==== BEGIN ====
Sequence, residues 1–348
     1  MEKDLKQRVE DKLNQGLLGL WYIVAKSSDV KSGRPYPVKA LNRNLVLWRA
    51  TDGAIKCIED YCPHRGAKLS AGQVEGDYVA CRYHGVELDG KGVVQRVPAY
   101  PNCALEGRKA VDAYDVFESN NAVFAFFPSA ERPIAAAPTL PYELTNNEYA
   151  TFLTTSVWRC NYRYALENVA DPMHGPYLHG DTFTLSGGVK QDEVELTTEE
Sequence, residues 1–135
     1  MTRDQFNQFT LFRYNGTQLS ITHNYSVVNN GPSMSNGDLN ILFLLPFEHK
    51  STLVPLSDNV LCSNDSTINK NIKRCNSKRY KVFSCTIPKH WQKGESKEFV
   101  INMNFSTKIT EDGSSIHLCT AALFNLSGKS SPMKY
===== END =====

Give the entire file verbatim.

Sequence, residues 1–348
     1  MEKDLKQRVE DKLNQGLLGL WYIVAKSSDV KSGRPYPVKA LNRNLVLWRA
    51  TDGAIKCIED YCPHRGAKLS AGQVEGDYVA CRYHGVELDG KGVVQRVPAY
   101  PNCALEGRKA VDAYDVFESN NAVFAFFPSA ERPIAAAPTL PYELTNNEYA
   151  TFLTTSVWRC NYRYALENVA DPMHGPYLHG DTFTLSGGVK QDEVELTTEE
Sequence, residues 1–135
     1  MTRDQFNQFT LFRYNGTQLS ITHNYSVVNN GPSMSNGDLN ILFLLPFEHK
    51  STLVPLSDNV LCSNDSTINK NIKRCNSKRY KVFSCTIPKH WQKGESKEFV
   101  INMNFSTKIT EDGSSIHLCT AALFNLSGKS SPMKY